United States, Remarried Widows Index to Pension Applications (FamilySearch Historical Records)Edit This Page
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|This article describes a collection of historical records available at FamilySearch.org.|
Access the records: United States, Remarried Widows Index to Pension Applications, 1887-1942 .
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This collection consists of two card indexes to widows who had applied for a pension renewal. The first covers service between1812-1860 and is NARA microfilm publication M1784. The second covers service in the Civil War and later and is NARA microfilm publication M1785. Both indexes are part of RG 15 Records of the Veterans Administration. The files are located at the National Archives.
- Name of the person claiming the pension
- Name of Soldier
- Service record of the soldier, including rank, company, and regiment
- Application number
- Date of filing
How to Use the Record
Use this index to help you learn more about your ancestors, whether war achievements or previously unknown biological information. To search for your ancestors in the index you will need to know their full names.
If you are having difficulty finding your ancestor, look for variations in the spelling of the name. If your ancestor used an alias or a nickname, be sure to check for those alternate names. Remember that these indexes may contain inaccuracies, such as altered spellings, misinterpretations, and optical character recognition errors if the information was scanned.
Compare the information in the record to what you already know about your ancestors to determine if this is the correct person. You may need to compare the information of more than one person to make this determination.
When you have located your ancestor’s index entry use the information to locate the pension record. The pension record may give you new biographical details about your ancestors. Add this new information to your records of each family. This information will often lead you to other records.
You may also find these search tips helpful:
- Compile the entries for every person who has the same surname; this is especially helpful in rural areas or if the surname is unusual.
- When looking for a person who had a common name, look at all the entries for the name before deciding which is correct.
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Contributions to This Article
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Please follow these guidelines as you make changes. Thank you for any contributions you may provide.
Citing FamilySearch Historical Collections
A suggested format for keeping track of records that you have searched is found in the wiki article Help:How to Cite FamilySearch Collections.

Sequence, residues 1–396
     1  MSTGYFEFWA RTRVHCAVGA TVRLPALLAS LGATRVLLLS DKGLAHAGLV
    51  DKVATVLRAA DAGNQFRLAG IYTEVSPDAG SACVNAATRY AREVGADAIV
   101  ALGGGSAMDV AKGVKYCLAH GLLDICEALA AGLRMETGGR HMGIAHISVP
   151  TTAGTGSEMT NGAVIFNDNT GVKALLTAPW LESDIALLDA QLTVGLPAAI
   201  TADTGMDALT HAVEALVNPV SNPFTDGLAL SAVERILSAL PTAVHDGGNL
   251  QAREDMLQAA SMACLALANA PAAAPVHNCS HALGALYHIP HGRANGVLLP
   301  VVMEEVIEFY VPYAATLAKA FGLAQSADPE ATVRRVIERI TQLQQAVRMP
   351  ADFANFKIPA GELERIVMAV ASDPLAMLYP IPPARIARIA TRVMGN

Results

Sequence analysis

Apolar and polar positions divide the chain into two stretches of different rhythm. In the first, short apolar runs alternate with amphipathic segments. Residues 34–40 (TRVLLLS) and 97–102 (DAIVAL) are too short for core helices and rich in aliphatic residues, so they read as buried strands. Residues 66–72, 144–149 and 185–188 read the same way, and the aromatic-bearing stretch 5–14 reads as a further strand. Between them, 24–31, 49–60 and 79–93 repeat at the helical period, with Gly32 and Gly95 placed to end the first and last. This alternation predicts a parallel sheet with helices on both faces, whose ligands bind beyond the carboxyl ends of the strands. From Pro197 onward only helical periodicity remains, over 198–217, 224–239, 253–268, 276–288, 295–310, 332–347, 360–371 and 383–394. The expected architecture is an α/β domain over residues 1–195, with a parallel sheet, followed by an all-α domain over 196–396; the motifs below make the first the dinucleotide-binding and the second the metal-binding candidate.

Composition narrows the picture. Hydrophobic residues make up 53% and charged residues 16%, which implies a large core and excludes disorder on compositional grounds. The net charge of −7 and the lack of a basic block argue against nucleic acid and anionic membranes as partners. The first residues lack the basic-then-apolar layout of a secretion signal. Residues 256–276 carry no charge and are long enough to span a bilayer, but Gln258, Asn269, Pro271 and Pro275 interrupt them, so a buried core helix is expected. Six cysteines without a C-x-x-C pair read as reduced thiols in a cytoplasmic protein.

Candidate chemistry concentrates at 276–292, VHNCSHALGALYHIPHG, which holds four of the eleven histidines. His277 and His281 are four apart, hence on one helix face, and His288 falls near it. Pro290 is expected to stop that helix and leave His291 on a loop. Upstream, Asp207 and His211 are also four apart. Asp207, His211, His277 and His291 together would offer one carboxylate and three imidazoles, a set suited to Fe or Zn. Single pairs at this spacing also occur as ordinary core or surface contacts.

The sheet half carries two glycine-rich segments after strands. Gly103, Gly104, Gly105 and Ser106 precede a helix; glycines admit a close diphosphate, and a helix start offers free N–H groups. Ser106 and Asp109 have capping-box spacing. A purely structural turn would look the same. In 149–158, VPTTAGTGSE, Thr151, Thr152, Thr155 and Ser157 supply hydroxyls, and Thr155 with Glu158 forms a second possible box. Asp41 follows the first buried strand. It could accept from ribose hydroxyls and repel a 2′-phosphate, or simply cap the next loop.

Citation Examples for Record Found in FamilySearch Historical Collection
The following are examples of records found in other collections. Please help us by replacent these examples with a citation for the record you have found in this collection.
- “Delaware Marriage Records,” index and images, FamilySearch (https://www.familysearch.org: accessed 4 March 2011), entry for William Anderson and Elizabeth Baynard Henry, married 23 November 1913; citing marriage certificate no. 859; FHL microfilm 2,025,063; Delaware Bureau of Archives and Records Management, Dover.
- “El Salvador Civil Registration,” index and images, FamilySearch (https://www.familysearch.org: accessed 21 March 2011), entry for Jose Maria Antonio del Carmen, born 9 April 1880; citing La Libertad, San Juan Opico, Nacimientos 1879-1893, image 50; Ministerio Archivo Civil de la Alcaldia Municipal de San Salvador.
When the citation has been replaced with a citation specific to the collection being described the heading should be changed to the following, "Example of a Ciitation for a Record Found in This Collection."
Citation for This Collection
The following citation refers to the original source of the data and images published on FamilySearch.org Historical Records. It may include the author, custodian, publisher, and archive for the original records.
"United States, Remarried Widows Index to Pension Applications, 1887-1942." FamilySearch (https://www.familysearch.org). NARA microfilm publications M1784 and M1785, RG 15 Records of the Veterans Administration. National Archives and Records Administration. Washington D.C. FHL microfilm. Family History Library, Salt Lake City, Utah. Information about creating source citations for FamilySearch Historical Collections is listed in the wiki article Help:How to Create Source Citations For FamilySearch Historical Records Collections.